The power of information in participatory culture: Education and Marketspace

The book Participatory Culture in a Networked Era is a great collective work, pointing out the digital awareness about forming participatory cultures. Today’s  short discussion topics deal with the context of chapters 4&5:

  • connected learning which is often interest-driven
  • profit-oriented nature of the media ecosystem

With reference to participatory forms of education, cognitive scientists and behaviorists who research the process of learning and knowledge assimilation, construct theories and methods that end up to be examined and applied by educators, media theorists and educational software designers.

Why learning in the real world is less attractive/effective than the one taking place in a virtual or simulated environment?

First of all, the diversity of learners is the key to constitute well-balanced communities where students can interact and share knowledge. Along with the possibility to create their “digital selves”, their area of interests defines the subject of studies, improving the learning process, while standing for motivation and engagement. Furthermore, the pedagogical methods based on gaming and problem solving are likely to develop competition and offer a pleasant, entertaining experience towards well-formulated learning goals. Being a lifelong learning supporter, I would confess that my attention is mostly captivated when I interact with readings that represent my interests. In this context, I believe that learners may contribute to knowledge sharing through creative collaboration within networked learning. In other words, what if students and researchers edit Wikipedia entries related to their fields of interests, instead of debating on the accuracy of information found there or in Google results. At this point, I would like to refer to the misunderstandings concerning the free labor.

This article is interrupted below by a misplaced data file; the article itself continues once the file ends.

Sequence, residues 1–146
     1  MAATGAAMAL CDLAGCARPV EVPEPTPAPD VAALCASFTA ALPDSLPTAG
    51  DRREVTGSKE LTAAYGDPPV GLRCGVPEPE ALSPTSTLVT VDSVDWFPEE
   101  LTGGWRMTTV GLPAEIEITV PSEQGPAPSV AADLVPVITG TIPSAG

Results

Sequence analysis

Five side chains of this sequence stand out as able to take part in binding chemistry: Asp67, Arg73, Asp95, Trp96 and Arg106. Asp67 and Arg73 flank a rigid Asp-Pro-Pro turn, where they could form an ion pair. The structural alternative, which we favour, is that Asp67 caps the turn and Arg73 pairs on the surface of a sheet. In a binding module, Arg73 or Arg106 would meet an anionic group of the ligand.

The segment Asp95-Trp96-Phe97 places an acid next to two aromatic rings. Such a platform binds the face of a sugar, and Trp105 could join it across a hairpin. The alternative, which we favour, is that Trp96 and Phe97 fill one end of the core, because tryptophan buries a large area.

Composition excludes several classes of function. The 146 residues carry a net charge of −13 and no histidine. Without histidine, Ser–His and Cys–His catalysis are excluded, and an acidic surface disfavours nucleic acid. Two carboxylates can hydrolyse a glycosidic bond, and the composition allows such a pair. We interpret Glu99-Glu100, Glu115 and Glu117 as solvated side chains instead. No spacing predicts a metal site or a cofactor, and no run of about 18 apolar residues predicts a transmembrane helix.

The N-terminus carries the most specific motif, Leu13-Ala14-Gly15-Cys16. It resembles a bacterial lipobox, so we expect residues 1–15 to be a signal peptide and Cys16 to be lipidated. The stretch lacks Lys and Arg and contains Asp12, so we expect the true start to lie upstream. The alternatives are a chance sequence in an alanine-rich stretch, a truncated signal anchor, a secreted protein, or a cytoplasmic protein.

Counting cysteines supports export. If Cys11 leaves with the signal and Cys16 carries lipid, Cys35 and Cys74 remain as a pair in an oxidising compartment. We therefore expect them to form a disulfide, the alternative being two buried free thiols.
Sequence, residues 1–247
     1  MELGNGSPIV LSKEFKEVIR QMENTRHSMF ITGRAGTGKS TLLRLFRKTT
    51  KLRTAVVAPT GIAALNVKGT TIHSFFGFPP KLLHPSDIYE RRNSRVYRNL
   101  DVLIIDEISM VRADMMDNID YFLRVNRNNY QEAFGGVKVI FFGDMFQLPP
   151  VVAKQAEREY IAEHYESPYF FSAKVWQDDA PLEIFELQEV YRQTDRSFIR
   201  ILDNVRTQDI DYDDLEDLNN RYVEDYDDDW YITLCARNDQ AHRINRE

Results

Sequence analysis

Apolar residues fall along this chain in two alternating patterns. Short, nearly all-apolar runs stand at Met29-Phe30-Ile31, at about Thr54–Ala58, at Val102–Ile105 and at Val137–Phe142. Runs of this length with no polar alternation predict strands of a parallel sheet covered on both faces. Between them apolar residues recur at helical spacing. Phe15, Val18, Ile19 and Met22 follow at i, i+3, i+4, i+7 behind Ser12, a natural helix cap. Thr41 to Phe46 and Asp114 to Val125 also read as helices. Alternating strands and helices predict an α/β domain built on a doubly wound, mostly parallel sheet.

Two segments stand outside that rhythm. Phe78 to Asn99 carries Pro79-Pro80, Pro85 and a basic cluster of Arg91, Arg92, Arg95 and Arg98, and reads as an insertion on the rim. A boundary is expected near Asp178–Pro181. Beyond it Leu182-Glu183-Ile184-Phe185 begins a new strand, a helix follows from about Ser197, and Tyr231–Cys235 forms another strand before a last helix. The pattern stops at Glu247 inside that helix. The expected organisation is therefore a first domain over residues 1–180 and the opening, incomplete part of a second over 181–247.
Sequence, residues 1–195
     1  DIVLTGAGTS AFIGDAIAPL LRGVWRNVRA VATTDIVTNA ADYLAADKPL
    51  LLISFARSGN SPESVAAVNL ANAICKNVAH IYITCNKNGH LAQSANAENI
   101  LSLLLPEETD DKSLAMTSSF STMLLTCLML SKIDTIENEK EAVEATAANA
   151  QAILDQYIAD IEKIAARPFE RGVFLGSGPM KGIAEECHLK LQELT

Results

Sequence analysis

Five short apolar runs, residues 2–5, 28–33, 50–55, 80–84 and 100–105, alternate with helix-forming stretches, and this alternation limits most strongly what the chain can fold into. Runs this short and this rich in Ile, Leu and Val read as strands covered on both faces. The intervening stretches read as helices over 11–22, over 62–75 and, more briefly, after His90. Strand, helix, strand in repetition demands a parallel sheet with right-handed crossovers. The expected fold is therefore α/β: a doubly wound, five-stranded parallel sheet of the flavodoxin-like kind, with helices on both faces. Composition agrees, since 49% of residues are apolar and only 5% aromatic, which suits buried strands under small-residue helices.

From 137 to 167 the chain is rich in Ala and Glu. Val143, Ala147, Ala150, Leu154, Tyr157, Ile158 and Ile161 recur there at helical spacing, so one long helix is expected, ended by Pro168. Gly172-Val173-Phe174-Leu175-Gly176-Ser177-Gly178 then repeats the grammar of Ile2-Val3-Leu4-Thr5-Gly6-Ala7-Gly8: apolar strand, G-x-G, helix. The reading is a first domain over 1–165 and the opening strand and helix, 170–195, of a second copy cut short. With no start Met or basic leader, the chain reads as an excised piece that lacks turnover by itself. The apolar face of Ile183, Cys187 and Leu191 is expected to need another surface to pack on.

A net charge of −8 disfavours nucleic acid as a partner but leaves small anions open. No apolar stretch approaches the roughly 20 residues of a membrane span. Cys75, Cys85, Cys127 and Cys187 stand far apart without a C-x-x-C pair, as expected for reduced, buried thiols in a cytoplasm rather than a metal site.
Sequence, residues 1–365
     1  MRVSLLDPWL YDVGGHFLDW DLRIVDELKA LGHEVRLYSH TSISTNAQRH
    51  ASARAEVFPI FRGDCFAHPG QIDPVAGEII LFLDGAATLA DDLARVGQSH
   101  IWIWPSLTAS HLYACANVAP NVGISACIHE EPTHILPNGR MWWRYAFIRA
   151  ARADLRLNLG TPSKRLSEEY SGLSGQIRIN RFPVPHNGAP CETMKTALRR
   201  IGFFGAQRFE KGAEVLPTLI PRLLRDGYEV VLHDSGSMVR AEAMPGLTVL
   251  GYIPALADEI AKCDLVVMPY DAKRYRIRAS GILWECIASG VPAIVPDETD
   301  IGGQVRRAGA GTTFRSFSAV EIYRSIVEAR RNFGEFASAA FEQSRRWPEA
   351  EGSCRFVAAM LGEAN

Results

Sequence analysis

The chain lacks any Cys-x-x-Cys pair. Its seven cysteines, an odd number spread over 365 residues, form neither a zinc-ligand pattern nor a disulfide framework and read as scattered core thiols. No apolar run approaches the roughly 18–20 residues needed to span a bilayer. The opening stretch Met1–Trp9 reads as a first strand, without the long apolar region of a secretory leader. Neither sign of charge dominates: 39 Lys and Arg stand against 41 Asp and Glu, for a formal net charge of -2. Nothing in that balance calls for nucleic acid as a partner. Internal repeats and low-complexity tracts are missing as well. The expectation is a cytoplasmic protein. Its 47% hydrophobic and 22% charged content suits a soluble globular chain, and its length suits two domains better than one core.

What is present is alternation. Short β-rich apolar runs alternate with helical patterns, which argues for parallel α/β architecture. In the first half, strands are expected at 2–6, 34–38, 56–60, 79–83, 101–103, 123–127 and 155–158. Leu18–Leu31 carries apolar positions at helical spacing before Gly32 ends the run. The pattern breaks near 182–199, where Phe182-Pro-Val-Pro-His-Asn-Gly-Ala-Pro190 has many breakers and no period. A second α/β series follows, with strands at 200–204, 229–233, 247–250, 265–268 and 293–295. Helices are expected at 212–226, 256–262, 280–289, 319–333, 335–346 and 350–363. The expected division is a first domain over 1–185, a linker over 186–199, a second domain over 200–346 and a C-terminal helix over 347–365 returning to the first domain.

Why fans are engaged to sell out their creativity?

Well, in most cases media/internet users are not aware of the mechanisms of data extraction neither of the value of information. Students and researchers, activists and fans are the widest communities to be taken advantage of, along with the needs and trends of the current marketspace.

  • Educational institutions enrich their databases thanks to academic volunteers.
  • Companies and individuals using the mask of non-profit organization manage to form communities of activists to make profit.

Wouldn’t it be better and healthier to adopt ethical policies in the networked era?

Unfortunately, the digitization of information made it easy for us to share, ignoring the value of the shared content. This is why we should be more aware of the meaningfulness of participatory culture.

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